Ca2+ ions play a key role in a wide variety of environmental responses and developmental processes in plants, and several protein families with Ca2+-binding domains have evolved to meet these needs, including calmodulin (CaM) and calmodulin-like proteins (CMLs). These proteins have no catalytic activity, but rather act as sensor relays that regulate downstream targets. While CaM is well-studied, CMLs remain poorly characterized at both the structural and functional levels, even if they are the largest class of Ca2+ sensors in plants. The major structural theme in CMLs consists of EF-hands, and variations in these domains are predicted to significantly contribute to the functional versatility of CMLs. Herein, we focus on recent advances in understanding the features of CMLs from biochemical and structural points of view. The analysis of the metal binding and structural properties of CMLs can provide valuable insight into how such a vast array of CML proteins can coexist, with no apparent functional redundancy, and how these proteins contribute to cellular signaling while maintaining properties that are distinct from CaM and other Ca2+ sensors. An overview of the principal techniques used to study the biochemical properties of these interesting Ca2+ sensors is also presented.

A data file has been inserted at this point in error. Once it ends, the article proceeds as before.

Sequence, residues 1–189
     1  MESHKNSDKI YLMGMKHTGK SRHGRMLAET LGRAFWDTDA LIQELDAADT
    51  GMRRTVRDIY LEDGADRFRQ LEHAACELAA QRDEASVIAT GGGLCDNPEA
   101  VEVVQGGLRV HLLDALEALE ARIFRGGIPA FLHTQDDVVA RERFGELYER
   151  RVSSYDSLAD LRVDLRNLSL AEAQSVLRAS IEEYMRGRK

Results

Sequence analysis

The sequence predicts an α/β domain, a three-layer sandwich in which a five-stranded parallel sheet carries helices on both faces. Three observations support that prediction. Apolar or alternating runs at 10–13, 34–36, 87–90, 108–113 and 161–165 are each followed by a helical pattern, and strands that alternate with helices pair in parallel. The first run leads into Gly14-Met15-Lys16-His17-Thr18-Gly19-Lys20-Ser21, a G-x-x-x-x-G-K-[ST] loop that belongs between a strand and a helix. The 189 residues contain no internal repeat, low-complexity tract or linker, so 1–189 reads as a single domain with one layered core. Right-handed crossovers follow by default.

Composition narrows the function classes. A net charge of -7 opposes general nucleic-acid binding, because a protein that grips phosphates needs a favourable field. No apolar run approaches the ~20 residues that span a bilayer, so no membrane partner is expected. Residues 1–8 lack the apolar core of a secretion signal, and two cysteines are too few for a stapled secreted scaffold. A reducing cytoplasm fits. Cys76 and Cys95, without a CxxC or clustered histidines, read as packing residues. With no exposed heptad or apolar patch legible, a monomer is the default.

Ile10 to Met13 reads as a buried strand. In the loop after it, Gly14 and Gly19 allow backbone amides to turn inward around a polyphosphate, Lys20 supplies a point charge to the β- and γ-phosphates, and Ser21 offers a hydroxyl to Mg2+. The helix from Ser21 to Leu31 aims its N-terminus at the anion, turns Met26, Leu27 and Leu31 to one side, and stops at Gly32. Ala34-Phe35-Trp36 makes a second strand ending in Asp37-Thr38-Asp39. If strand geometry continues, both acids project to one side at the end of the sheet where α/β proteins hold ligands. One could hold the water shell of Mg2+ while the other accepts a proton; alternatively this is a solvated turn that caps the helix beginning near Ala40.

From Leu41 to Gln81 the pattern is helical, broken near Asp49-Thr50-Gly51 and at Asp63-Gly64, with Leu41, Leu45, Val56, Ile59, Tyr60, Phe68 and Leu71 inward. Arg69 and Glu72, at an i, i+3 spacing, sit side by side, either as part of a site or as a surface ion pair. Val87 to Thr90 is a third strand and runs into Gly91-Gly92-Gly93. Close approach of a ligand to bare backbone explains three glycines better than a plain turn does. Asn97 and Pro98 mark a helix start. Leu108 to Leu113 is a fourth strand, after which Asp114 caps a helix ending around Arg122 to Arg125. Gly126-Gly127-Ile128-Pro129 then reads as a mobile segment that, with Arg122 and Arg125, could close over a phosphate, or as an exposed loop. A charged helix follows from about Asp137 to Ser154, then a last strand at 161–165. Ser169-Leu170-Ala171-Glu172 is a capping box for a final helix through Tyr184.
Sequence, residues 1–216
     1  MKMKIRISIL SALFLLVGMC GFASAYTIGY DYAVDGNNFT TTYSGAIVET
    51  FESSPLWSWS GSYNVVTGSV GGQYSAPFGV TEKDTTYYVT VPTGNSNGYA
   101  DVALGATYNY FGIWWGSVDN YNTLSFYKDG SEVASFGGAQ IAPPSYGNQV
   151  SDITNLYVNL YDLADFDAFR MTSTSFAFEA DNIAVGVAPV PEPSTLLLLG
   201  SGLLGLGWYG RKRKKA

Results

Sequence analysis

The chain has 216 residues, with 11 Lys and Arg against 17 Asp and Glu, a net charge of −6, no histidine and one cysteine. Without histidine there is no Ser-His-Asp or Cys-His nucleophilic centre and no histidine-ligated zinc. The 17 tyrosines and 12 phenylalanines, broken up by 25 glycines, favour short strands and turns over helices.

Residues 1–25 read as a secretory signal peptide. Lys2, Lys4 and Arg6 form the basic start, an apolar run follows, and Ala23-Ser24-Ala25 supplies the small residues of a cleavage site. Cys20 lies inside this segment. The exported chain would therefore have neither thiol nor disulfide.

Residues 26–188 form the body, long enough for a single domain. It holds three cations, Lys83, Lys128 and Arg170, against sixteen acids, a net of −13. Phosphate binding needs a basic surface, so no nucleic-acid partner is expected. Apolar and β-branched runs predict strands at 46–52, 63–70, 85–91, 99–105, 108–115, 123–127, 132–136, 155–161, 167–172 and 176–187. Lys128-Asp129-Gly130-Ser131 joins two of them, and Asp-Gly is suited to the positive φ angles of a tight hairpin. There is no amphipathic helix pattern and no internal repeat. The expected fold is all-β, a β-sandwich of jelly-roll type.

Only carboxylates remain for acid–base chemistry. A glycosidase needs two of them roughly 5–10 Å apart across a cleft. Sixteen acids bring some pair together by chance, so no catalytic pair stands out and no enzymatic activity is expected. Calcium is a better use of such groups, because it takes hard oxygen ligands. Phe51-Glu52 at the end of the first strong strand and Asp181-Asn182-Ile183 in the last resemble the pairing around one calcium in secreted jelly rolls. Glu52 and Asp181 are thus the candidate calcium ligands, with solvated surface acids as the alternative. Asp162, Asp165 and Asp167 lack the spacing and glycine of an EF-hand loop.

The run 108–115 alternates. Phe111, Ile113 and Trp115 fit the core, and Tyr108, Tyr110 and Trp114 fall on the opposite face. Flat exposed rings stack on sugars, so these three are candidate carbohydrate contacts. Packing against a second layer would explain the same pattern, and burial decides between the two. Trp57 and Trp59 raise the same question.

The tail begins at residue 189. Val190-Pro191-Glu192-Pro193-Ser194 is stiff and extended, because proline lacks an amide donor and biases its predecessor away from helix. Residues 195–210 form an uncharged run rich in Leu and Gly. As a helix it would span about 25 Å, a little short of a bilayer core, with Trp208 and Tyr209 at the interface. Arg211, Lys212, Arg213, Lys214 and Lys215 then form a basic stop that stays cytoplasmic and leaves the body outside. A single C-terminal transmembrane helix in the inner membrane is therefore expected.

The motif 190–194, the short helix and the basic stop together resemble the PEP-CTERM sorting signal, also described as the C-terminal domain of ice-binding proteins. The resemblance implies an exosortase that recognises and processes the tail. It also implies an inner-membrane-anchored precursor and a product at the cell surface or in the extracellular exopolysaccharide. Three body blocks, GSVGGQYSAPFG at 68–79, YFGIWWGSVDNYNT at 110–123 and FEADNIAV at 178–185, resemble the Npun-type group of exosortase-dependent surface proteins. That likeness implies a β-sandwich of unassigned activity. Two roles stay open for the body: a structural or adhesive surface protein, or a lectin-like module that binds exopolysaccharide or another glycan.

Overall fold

Towards Understanding Plant Calcium Signaling through Calmodulin-Like Proteins: A Biochemical and Structural Perspective

La Verde, Valentina;Dominici, Paola;Astegno, Alessandra
2018-01-01

Abstract

Ca2+ ions play a key role in a wide variety of environmental responses and developmental processes in plants, and several protein families with Ca2+-binding domains have evolved to meet these needs, including calmodulin (CaM) and calmodulin-like proteins (CMLs). These proteins have no catalytic activity, but rather act as sensor relays that regulate downstream targets. While CaM is well-studied, CMLs remain poorly characterized at both the structural and functional levels, even if they are the largest class of Ca2+ sensors in plants. The major structural theme in CMLs consists of EF-hands, and variations in these domains are predicted to significantly contribute to the functional versatility of CMLs. Herein, we focus on recent advances in understanding the features of CMLs from biochemical and structural points of view. The analysis of the metal binding and structural properties of CMLs can provide valuable insight into how such a vast array of CML proteins can coexist, with no apparent functional redundancy, and how these proteins contribute to cellular signaling while maintaining properties that are distinct from CaM and other Ca2+ sensors. An overview of the principal techniques used to study the biochemical properties of these interesting Ca2+ sensors is also presented.
2018
Arabidopsis; EF-hand; calcium-binding protein; calmodulin; conformational change; plant calmodulin-like protein; target-binding
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Utilizza questo identificativo per citare o creare un link a questo documento: https://hdl.handle.net/11562/979952
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